Date: November 11, 2008

The Convention for the Conservation of Antarctic Marine Living Resources (CCAMLR) held their 27th annual Meeting in Hobart, Australia, between 27th October and 7th November 2008.

After extensive discussion, the Meeting adopted a new Conservation Measure – CM22-07 (2008) related to controlling the impacts of permissible demersal fishing (use of longlines, trotlines and pots). The current prohibitions on bottom trawling (CM 22-05 (2006) and demersal gillnetting (CM 22-04) continue to apply to all high seas areas of the Convention Area unless and until lifted by consensus. An existing assessment requirement also continues as a permanent measure (CM 22-06) which requires flag states to undertake impact assessments prior to the next year’s exploratory fishing applications (and there is an expectations that notification standards need to be met by all – most flag states did not submit assessments to the 2008 meeting and those that were submitted were of variable quality).

These decisions were in response to the requirements of the 2006 UNGA Sustainable Fisheries Resolution (61/105), which calls on States and RFMOs or other arrangements to take immediate action to ensure fish stocks are managed sustainably and to protect vulnerable marine ecosystems (VMEs), including seamounts, hydrothermal vents and coldwater corals, from destructive fishing practices. It specifically requires regulating and managing all bottom fisheries in high-seas areas so as to prevent significant adverse impacts on VMEs by no later than 31 December 2008.

The new CCAMLR CM22-07 (2008) will be reviewed after the 2008/2009 fishing season, after the results of the information collection requirements for benthic material incidentally hooked on longlines, the identification of further VMEs, to explore how an exclusion rule might work that properly protects VME. It is expected that scientific assessments of all available information will lead to advice next year on how the CM might be modified to incorporate an effective move-on rule. This year’s move-on rule for users of pots, longlines, and trot lines requires areas (of 1 nautical mile radius) to close for the rest of the fishing season around spots where a 10 litre/kg reached for benthos of various selected species/taxa from a 1,000 hook or 1200 metre segment of line. This is taken to be indicative of the presence of a VME in that area. Additionally, the Secretariat must be informed if half that limit is retrieved.

The obligation to report amounts of VME-related benthos is on the vessel masters. There are additional, new monitoring requirements for scientific observers reflected in changes to observer priorities and the observer manual. An identification poster for relevant species/taxa prepared by NZ scientists is to be used to identify relevant material. In addition, there will be a workshop next year in August, somewhere in the US, to review information, identify important species/taxa, and make better informed recommendations to revise the conservation measure at next year’s Commission meeting.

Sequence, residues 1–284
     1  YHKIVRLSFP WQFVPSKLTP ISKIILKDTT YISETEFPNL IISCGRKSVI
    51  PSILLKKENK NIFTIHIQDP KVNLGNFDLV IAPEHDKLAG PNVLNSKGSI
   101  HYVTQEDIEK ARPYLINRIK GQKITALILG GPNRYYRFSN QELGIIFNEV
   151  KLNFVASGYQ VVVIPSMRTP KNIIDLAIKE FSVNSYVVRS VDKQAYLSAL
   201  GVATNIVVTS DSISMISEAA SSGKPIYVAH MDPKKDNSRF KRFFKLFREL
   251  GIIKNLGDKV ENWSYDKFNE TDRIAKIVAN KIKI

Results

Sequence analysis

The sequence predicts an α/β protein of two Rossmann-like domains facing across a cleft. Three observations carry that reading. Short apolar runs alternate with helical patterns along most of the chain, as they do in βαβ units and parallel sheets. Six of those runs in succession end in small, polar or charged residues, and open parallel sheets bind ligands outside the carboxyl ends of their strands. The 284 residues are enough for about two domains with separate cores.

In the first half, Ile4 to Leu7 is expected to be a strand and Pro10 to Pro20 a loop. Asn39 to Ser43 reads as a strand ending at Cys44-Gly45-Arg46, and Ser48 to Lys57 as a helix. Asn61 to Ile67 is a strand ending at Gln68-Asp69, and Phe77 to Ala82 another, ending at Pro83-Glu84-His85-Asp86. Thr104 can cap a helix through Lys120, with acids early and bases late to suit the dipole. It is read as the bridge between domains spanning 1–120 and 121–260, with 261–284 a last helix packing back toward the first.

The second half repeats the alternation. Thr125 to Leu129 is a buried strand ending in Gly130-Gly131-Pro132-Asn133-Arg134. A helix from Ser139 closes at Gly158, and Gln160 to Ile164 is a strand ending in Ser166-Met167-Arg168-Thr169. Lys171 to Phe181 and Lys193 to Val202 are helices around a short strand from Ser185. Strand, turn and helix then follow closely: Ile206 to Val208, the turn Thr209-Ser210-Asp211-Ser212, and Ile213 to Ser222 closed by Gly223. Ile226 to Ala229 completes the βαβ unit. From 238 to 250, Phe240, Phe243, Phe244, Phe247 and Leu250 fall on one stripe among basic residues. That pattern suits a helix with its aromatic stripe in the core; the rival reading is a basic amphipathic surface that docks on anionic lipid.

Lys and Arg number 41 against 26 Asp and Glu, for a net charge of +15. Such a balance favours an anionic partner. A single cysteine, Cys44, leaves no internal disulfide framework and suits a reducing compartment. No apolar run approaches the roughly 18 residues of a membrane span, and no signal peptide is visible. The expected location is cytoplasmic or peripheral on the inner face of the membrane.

CM 22-06 (2007) requires all individual bottom fishing activities from 1 December 2008 to be subject to prior assessment by the Scientific Committee, based on the best available scientific information. This is to determine if such activities would contribute to having significant adverse impacts on VMEs, and in this case, how these potential impacts can be prevented through mitigation measures, including banning of fishing activities. The CM sets forth the procedure for such assessment. It also requires all CCAMLR Contracting Parties proposing to participate in bottom fishing activities to submit information and a preliminary assessment of the known and anticipated impacts of the proposed bottom fishing activities on VMEs, including benthos and benthic communities. This is required no less than three months in advance of the next Scientific Committee and Commission meeting. These submissions must also include the mitigation measures proposed by the Contracting Party to prevent such impacts. Upon reviewing this information from intending fishers, Scientific Committee is to provide advice and recommendations to the Commission which must determine possible actions including:

  • whether to allow, prohibit or restrict bottom fishing activities within particular areas;
  • apply specific mitigation measures for bottom fishing activities;
  • allow, prohibit or restrict bottom fishing with certain gear types;
  • and/or determine any other relevant requirements or restrictions to prevent significant adverse impact to VMEs.

There was considerable concern expressed about the small number of preliminary assessments providedwith notifications to participate in new and exploratory fisheries (only 5 from a total of 12 notifications provided any form of assessment), and the varying quality of the 5 received. As a result of this consequential lack of information, the Scientific Committee was unable to provide advice on the potential impact for any new and exploratory fishery proposals. Failure to provide adequate assessment was clearly identified as non-compliance with a binding CM. A new pro forma form was produced to aid flag states’ preparation of future preliminary assessments and the Commission gave those defaulting states a year’s grace,and appears to be in no mood to accept any excuses next year.

The meeting also agreed that two areas identified by Australia clearly met the criteria of VMEs. Next year there will be a clear challenge as to what other areas should be identified as VMEs and what measures should be taken to protect them.

Encouragingly, CCAMLR has declared the 2010-11 season the ‘year of VMEs’ to encourage a focus on research related to better understanding and management of vulnerable marine ecosystems.